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Plasma/Surface Interaction in ITER Tokamak Disruption Simulation Experiments

Hermann WÜrz, Nicolai Arkhipov, Vitali Bakhtin, Boris Bazylev, Igor Landman, Valeri Safronov, Dima Toporkov, Sergej Vasenin, Anatoli Zhitlukhin

Fusion Science and Technology

Volume 32 / Number 1 / August 1997 / Pages 45-74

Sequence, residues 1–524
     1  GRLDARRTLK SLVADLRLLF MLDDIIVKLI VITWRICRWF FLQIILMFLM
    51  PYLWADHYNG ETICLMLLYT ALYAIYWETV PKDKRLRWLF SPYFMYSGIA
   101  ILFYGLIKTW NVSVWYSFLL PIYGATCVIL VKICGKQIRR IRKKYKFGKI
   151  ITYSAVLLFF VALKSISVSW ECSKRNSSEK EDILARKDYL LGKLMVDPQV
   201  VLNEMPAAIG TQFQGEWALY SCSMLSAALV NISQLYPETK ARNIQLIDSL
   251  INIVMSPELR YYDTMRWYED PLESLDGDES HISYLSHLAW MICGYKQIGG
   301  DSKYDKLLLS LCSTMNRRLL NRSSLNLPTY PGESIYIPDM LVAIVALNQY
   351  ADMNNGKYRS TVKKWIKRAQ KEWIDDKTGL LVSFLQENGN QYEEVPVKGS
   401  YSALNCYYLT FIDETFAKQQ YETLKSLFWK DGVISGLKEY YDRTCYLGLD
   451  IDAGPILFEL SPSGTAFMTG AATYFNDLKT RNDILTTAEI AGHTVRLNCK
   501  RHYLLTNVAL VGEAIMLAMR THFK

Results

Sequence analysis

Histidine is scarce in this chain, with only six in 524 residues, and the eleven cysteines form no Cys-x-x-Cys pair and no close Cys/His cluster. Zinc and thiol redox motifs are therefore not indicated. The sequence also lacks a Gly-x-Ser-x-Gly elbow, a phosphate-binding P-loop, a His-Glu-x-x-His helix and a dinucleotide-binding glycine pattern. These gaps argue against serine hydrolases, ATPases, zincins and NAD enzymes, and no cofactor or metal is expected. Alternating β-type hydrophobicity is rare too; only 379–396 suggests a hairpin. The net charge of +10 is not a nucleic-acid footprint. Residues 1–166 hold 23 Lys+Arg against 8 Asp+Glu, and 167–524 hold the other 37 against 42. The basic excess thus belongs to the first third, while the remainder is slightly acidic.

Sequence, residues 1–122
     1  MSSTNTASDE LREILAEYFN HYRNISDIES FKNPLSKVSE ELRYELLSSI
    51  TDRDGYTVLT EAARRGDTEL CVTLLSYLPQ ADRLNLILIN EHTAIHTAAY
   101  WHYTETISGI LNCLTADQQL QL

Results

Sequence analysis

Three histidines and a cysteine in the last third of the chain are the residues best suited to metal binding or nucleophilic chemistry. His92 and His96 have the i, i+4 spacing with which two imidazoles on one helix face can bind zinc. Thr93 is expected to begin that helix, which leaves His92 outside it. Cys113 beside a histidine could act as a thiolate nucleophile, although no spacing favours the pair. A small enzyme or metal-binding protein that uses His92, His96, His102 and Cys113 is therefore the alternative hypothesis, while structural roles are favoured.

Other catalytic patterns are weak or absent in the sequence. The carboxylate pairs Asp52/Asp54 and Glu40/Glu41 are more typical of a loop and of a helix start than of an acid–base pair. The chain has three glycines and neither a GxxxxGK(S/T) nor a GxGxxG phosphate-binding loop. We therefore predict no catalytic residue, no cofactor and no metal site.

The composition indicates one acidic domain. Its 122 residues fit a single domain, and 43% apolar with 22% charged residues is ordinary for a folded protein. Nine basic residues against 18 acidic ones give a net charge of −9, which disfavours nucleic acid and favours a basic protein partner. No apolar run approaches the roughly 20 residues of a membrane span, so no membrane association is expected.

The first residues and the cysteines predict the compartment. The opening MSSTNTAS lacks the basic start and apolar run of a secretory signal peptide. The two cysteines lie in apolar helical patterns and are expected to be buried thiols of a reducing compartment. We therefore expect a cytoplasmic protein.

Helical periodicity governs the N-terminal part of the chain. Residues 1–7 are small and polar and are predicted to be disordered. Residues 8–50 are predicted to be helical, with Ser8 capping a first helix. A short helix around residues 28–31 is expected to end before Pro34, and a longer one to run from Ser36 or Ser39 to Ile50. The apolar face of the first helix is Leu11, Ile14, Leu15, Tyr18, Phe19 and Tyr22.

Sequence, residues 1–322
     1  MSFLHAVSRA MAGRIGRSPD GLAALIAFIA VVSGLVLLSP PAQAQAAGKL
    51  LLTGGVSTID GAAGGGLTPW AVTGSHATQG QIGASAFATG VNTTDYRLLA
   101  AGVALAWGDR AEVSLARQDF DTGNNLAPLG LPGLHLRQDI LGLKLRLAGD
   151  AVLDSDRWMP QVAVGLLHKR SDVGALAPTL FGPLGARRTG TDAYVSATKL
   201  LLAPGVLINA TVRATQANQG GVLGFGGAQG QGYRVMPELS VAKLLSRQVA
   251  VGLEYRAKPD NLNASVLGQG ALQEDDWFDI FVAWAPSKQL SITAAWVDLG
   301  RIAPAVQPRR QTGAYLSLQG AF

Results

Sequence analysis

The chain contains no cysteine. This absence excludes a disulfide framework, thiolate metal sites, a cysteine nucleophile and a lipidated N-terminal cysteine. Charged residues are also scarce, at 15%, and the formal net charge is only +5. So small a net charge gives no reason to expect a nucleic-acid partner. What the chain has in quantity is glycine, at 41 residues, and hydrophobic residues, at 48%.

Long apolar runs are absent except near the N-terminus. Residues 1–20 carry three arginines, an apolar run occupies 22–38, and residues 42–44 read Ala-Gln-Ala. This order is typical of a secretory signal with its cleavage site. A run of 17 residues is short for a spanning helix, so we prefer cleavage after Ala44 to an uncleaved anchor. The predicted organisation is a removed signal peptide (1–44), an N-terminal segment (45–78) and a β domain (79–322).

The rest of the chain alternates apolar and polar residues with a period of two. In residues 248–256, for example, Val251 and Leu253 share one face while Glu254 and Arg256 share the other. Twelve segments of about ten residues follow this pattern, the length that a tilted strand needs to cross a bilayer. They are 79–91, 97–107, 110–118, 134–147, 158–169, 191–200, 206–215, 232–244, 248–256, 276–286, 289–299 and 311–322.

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In evaluating the lifetime of plasma-facing components for the International Thermonuclear Experimental Reactor (ITER) against nonnormal high heat loads, credit is taken from the existence of a plasma shield that protects the target from excessive evaporation. Formation and physical properties of plasma shields are studied at the dual plasma gun facility, 2MK-200, under conditions simulating ITER hard disruptions and edge-localized modes (ELMs). The experimental results are used for validation of the theoretical modeling of the plasma/surface interaction. The important features of the non-local thermodynamic equilibrium plasma shield, such as temperature and density distribution, its evolution, the conversion efficiency of the energy of the plasma stream into total and soft X-ray radiation from highly ionized evaporated target material, and the energy balance in the plasma shield, are reproduced quite well. Thus, realistic modeling of ITER disruptive plasma/wall interaction is now possible. Because of the rather small target erosion in the simulation experiments, material erosion for ITER typical disruptions and ELMs cannot be evaluated from these simulation experiments. This requires additional simulation experiments with hot plasma streams of longer pulse duration and a separate numerical analysis, which can now be performed with validated theoretical models.

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